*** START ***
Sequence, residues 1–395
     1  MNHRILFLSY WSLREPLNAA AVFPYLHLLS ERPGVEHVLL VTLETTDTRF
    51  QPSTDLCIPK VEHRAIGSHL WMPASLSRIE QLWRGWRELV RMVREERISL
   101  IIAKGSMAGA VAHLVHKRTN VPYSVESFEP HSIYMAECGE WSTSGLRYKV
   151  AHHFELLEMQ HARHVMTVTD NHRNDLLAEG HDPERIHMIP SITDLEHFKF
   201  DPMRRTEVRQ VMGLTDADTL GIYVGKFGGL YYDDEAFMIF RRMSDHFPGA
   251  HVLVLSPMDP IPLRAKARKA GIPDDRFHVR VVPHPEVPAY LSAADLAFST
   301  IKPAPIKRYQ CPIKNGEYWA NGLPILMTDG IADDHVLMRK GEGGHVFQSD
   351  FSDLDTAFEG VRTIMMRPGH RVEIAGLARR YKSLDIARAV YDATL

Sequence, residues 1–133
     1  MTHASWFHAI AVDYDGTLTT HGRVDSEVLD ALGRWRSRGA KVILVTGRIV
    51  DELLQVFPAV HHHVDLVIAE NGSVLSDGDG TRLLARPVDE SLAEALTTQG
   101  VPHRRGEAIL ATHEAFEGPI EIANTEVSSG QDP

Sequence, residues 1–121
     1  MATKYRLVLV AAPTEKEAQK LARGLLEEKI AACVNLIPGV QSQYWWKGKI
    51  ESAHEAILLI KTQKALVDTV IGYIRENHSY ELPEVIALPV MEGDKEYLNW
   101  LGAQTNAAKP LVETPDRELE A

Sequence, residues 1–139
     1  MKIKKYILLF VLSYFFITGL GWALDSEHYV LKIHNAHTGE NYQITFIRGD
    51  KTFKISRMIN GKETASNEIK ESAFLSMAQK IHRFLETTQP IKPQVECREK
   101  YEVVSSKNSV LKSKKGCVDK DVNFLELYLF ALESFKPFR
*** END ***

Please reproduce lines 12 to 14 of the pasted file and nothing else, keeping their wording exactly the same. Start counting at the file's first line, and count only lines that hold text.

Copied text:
    51  DELLQVFPAV HHHVDLVIAE NGSVLSDGDG TRLLARPVDE SLAEALTTQG
   101  VPHRRGEAIL ATHEAFEGPI EIANTEVSSG QDP

Sequence, residues 1–121